Taking an eye exam yourself is usually no big deal. You can give feedback and you know what you’re getting into. There are no needles or uncomfortable devices involved.
For a child, though, it can be different. It can be more challenging to do a pediatric eye exam than an adult eye exam. Children aren’t as able to articulate what they’re seeing. They have shorter attention spans, and it’s harder to keep them on point. Their bodies are still growing. Doing an eye exam on a child as opposed to an adult is a harder job. But a well-trained optometrist will make sure your child gets exactly the right prescription for their needs.
Creating a comfortable experience for children
When you arrive at the office, the doctor will usually do everything they can to make the child feel at home. Offices that do pediatrics on a regular basis may keep toys on hand to keep children occupied before they go into the examination room.
The examination itself will often involve the parent. Sometimes the child may sit in a parent’s lap while the exam is going on. With children, it can be hard to get direct feedback, especially if the child is very young, so the optometrist may have to rely on alternate measures.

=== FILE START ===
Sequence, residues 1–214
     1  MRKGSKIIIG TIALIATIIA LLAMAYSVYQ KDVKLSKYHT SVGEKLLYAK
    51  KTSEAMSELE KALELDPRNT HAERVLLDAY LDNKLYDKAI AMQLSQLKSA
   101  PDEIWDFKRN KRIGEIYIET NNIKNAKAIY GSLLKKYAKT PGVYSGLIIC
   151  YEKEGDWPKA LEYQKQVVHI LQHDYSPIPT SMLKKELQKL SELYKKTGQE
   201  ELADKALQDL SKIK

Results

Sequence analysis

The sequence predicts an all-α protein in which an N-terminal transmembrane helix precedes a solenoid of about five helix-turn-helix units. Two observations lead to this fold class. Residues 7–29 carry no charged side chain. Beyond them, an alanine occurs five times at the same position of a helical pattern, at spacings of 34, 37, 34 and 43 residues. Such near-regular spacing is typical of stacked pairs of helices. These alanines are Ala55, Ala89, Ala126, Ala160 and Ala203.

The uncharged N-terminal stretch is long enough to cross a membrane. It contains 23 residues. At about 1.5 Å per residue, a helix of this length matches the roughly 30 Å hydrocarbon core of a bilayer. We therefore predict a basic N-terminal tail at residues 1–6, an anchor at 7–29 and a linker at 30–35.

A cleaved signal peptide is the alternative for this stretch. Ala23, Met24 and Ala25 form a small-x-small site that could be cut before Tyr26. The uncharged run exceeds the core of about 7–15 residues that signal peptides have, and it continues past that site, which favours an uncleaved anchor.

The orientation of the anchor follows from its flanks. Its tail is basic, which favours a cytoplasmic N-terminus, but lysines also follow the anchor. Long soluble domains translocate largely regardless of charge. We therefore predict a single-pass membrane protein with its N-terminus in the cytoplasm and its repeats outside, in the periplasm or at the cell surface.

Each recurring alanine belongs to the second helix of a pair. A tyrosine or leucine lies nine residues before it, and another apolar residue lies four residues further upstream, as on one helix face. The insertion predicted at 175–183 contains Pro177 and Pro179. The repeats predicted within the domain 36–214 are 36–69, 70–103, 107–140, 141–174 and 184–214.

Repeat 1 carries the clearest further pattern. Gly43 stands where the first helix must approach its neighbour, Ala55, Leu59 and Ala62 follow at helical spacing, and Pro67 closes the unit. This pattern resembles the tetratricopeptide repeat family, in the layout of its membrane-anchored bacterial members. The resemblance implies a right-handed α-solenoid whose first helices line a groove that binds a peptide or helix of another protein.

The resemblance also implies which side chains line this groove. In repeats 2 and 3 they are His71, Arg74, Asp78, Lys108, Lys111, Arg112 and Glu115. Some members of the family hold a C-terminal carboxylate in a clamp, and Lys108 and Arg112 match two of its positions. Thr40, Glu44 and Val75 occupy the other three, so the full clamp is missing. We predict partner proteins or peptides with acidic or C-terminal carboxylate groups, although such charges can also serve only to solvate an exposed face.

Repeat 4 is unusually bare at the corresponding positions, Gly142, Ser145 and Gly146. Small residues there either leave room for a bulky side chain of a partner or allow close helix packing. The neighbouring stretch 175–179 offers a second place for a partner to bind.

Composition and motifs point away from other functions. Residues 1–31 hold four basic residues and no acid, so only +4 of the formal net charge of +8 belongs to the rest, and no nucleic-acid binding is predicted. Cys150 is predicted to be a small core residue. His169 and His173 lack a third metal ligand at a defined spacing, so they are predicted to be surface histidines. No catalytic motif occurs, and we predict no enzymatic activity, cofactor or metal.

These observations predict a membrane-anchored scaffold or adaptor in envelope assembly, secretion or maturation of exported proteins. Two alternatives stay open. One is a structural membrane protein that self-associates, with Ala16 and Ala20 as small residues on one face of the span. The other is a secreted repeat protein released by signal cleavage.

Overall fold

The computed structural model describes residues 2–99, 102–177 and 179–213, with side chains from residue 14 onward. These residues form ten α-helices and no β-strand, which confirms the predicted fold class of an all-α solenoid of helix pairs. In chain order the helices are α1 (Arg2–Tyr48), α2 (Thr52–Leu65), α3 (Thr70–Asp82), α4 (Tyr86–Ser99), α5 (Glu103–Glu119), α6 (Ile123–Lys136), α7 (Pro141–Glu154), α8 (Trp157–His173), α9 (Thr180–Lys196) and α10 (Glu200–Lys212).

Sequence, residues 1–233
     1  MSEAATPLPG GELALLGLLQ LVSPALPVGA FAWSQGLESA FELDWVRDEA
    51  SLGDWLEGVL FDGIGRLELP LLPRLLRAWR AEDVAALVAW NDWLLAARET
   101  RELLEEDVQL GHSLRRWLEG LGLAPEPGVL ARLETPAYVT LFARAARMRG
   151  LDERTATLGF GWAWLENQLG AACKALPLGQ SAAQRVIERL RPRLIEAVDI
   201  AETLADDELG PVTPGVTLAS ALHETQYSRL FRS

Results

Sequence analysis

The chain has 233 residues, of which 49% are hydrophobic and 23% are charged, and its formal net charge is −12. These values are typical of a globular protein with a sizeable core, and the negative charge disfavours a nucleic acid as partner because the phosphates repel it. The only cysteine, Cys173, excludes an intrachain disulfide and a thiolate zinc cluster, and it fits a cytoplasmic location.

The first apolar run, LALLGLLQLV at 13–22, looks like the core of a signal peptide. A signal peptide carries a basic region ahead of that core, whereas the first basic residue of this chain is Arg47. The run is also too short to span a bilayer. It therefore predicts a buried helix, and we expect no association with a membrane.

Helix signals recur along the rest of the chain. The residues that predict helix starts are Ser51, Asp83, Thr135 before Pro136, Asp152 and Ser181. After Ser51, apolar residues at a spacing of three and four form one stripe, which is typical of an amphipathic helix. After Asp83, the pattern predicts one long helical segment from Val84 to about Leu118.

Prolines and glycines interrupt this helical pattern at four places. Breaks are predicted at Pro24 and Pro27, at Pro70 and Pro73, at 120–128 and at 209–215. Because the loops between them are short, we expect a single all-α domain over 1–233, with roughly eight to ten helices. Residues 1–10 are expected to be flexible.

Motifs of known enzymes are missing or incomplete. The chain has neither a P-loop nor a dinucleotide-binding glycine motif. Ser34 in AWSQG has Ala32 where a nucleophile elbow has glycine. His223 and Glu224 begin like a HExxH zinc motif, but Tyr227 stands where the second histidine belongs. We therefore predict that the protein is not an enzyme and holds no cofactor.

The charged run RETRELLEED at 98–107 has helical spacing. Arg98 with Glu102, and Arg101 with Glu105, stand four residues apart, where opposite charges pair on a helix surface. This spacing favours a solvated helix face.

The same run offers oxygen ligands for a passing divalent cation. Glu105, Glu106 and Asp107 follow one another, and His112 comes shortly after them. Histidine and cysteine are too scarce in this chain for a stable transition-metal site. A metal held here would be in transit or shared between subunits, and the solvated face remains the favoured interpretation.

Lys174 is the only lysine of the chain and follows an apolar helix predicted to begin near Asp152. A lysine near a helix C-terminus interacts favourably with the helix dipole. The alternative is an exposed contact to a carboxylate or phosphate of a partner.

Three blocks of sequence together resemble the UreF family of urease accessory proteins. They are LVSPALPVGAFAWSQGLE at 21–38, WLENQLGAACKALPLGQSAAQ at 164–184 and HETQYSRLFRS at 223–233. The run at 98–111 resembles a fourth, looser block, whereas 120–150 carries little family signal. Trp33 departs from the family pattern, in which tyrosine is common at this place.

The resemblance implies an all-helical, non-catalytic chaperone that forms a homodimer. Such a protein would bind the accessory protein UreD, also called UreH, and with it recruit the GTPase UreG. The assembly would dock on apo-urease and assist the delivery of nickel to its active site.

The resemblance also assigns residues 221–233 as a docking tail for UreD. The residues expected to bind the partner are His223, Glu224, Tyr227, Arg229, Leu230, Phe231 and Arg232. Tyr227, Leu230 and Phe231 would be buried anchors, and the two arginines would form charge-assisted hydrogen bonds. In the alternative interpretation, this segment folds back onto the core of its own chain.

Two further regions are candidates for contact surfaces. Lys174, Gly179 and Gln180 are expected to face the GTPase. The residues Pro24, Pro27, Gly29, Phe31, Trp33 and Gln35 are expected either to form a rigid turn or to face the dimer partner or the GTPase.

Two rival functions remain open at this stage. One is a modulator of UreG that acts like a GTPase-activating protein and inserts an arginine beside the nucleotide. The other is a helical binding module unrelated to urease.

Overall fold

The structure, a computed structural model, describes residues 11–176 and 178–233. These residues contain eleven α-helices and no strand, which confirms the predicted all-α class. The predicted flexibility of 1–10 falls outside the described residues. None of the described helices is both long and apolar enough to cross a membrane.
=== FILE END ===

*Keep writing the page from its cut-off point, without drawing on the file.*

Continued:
Getting an accurate prescription
An accurate prescription requires a little extra work with children. Older children may be able to give an optometrist subjective information. Small children and babies require inference.
A pediatric optometrist often keeps a drawer full of toys so as to have something new and interesting to grab a child’s attention with each time they move to the next stage of an exam. Since attention spans are so short, each toy is often used for just one thing before moving on. They can be used to test peripheral vision, with one held in focus and the other brought up from the side until the child turns its head.
With babies it may just be a case of getting the infant to look at the optometrist’s face, then follow it with their eyes. The optometrist will usually keep each test very short so as to not tax a young child’s attention span.
Sometimes there are eye issues that may be visible in a child’s pictures but not as much in person. Your optometrist may ask you if you have any videos or photos that might indicate visual issues.
Eye exams for children may be harder than they are for adults, but that doesn’t mean they can’t be a good experience for both parents and kids. With a little bit of ingenuity, it’s possible to find out exactly what a child needs—even if they don’t know it themselves, or even know how to say it. Here at Oklahoma City Vision we know exactly how to deal with children’s vision issues. Give us a call today and find out what we can do for your family.